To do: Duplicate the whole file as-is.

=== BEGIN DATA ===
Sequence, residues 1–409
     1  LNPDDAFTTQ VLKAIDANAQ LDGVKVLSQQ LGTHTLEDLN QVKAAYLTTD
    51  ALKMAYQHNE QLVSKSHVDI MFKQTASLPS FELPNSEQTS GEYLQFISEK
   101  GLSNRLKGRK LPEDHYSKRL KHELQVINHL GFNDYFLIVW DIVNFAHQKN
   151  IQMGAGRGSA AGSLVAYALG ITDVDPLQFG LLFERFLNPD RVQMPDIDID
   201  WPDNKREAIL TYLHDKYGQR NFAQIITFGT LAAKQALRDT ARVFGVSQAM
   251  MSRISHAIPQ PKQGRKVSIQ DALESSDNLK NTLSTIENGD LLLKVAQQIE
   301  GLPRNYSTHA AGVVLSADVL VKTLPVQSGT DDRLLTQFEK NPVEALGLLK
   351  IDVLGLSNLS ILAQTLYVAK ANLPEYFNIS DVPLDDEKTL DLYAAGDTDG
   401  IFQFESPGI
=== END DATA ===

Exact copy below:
Sequence, residues 1–409
     1  LNPDDAFTTQ VLKAIDANAQ LDGVKVLSQQ LGTHTLEDLN QVKAAYLTTD
    51  ALKMAYQHNE QLVSKSHVDI MFKQTASLPS FELPNSEQTS GEYLQFISEK
   101  GLSNRLKGRK LPEDHYSKRL KHELQVINHL GFNDYFLIVW DIVNFAHQKN
   151  IQMGAGRGSA AGSLVAYALG ITDVDPLQFG LLFERFLNPD RVQMPDIDID
   201  WPDNKREAIL TYLHDKYGQR NFAQIITFGT LAAKQALRDT ARVFGVSQAM
   251  MSRISHAIPQ PKQGRKVSIQ DALESSDNLK NTLSTIENGD LLLKVAQQIE
   301  GLPRNYSTHA AGVVLSADVL VKTLPVQSGT DDRLLTQFEK NPVEALGLLK
   351  IDVLGLSNLS ILAQTLYVAK ANLPEYFNIS DVPLDDEKTL DLYAAGDTDG
   401  IFQFESPGI